The Correlation coefficients were used to measure the relationship between the body-size composition and the performances on the FITNESSGRAM?® test components. Three models were developed for all the dependent variables using sum-of-skin-folds, body weight, and Body Mass Index in order to avoid collinearity; and due to strong correlation among these variables. Genders and Age also contributed for quadratic relationships. The Percentile rank for each participant was measured and analyze on both scores. For the each test component, the results of the both scores were compared to the Criterion-references Standards. Chi-square tests were carried out to determine differences between the adjusted and the unadjusted scores for each test component.
The results for this study were presented in different forms.
The Table – 1, included the qualitative data’s of the physical characteristics of the participants.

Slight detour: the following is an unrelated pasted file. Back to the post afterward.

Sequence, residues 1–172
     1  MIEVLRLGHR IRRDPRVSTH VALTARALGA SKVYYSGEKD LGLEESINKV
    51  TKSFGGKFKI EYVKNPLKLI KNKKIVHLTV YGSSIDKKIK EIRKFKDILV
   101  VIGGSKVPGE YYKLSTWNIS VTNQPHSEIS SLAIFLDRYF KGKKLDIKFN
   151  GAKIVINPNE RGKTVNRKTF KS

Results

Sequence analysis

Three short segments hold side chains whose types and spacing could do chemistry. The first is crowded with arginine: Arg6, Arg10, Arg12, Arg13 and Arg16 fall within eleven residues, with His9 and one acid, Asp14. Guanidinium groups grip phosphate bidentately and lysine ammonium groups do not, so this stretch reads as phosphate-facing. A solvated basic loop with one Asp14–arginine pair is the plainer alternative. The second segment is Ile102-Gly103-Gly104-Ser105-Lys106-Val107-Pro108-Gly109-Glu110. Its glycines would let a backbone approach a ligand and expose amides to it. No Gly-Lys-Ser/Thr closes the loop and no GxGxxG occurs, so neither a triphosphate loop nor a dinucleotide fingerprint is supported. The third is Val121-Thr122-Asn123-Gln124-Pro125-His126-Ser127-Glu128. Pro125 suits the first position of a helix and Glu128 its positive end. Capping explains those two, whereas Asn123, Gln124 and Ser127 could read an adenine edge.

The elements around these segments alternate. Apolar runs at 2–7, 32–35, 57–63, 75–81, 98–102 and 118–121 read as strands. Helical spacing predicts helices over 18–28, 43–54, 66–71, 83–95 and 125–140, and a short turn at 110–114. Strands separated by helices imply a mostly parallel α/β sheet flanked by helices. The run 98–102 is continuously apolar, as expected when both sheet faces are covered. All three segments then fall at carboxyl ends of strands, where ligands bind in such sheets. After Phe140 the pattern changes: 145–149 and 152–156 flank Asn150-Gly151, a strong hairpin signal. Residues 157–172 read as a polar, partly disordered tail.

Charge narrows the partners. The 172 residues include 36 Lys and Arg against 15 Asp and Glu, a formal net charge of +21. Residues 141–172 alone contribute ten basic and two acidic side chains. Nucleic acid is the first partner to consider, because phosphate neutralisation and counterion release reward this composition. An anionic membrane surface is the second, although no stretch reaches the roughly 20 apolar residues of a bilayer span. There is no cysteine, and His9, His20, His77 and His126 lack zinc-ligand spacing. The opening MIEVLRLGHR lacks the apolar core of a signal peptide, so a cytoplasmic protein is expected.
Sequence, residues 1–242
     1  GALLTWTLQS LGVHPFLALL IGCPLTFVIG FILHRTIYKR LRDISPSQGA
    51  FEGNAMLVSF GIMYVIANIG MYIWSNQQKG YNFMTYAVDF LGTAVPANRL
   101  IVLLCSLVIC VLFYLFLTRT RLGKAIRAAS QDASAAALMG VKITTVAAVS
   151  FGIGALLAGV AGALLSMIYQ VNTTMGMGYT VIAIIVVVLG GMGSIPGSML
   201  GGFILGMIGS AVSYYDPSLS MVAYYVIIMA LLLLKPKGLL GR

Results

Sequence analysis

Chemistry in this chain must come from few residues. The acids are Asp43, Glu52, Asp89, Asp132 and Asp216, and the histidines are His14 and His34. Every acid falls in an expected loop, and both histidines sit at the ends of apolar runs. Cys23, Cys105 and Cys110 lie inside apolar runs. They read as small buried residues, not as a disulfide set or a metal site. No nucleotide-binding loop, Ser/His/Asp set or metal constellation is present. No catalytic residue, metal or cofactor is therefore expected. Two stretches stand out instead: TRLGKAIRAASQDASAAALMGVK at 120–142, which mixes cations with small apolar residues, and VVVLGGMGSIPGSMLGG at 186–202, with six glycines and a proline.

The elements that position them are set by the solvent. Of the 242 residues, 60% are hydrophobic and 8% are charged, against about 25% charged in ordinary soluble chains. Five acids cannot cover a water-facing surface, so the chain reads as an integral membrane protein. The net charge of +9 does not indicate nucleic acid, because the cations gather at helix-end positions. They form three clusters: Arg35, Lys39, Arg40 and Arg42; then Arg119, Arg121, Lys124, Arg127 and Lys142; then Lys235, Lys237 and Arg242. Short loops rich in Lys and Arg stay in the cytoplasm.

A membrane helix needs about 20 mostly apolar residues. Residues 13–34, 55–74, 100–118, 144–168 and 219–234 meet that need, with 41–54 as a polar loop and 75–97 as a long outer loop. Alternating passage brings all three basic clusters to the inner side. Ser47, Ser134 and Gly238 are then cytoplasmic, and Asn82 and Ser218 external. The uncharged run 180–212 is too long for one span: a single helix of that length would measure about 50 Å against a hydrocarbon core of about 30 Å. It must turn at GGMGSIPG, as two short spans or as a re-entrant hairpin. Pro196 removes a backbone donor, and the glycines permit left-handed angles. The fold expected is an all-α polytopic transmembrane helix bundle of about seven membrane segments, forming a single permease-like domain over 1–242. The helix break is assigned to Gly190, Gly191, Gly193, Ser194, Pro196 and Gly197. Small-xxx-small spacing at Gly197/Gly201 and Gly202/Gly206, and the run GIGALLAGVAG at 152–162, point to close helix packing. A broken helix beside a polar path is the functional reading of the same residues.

The Table – 2, included the participants’ fitness test performance scores based on age and gender. i.e., Pull Up scores was 141 (71%) out of 200 participants who couldn’t even able to perform a single pull up, as a result, the distribution was severely skewed, so the pull up scores were terminated from further analysis.
In the Table 3, the relationship between the fitness performance variables (SSF, Body Weight and BMI) and the unadjusted PACER, Curl Ups, and Pus Ups scores (p < 0.5) were displayed. The Result was significantly negatively correlated. Some of the tests like truck lift and back – saver sit and reach scores were removed from the study since they were not unrelated to the Body composition or Body size. The result from the table 3 proved that the Body weight and BMI were significantly correlated (r = 0.94, p < 0.05) as both the variables depends on body weight and height.
The Table 4 included the Quantitative data of the mean SSF, Body Weight, and BMI for the two groups of participants (i.e., Students’ score below CRS and Students’ score above or equal to CRS). There were significant differences (i.e., p < 0.05) in SSF, Body Weight, and BMI between these two groups.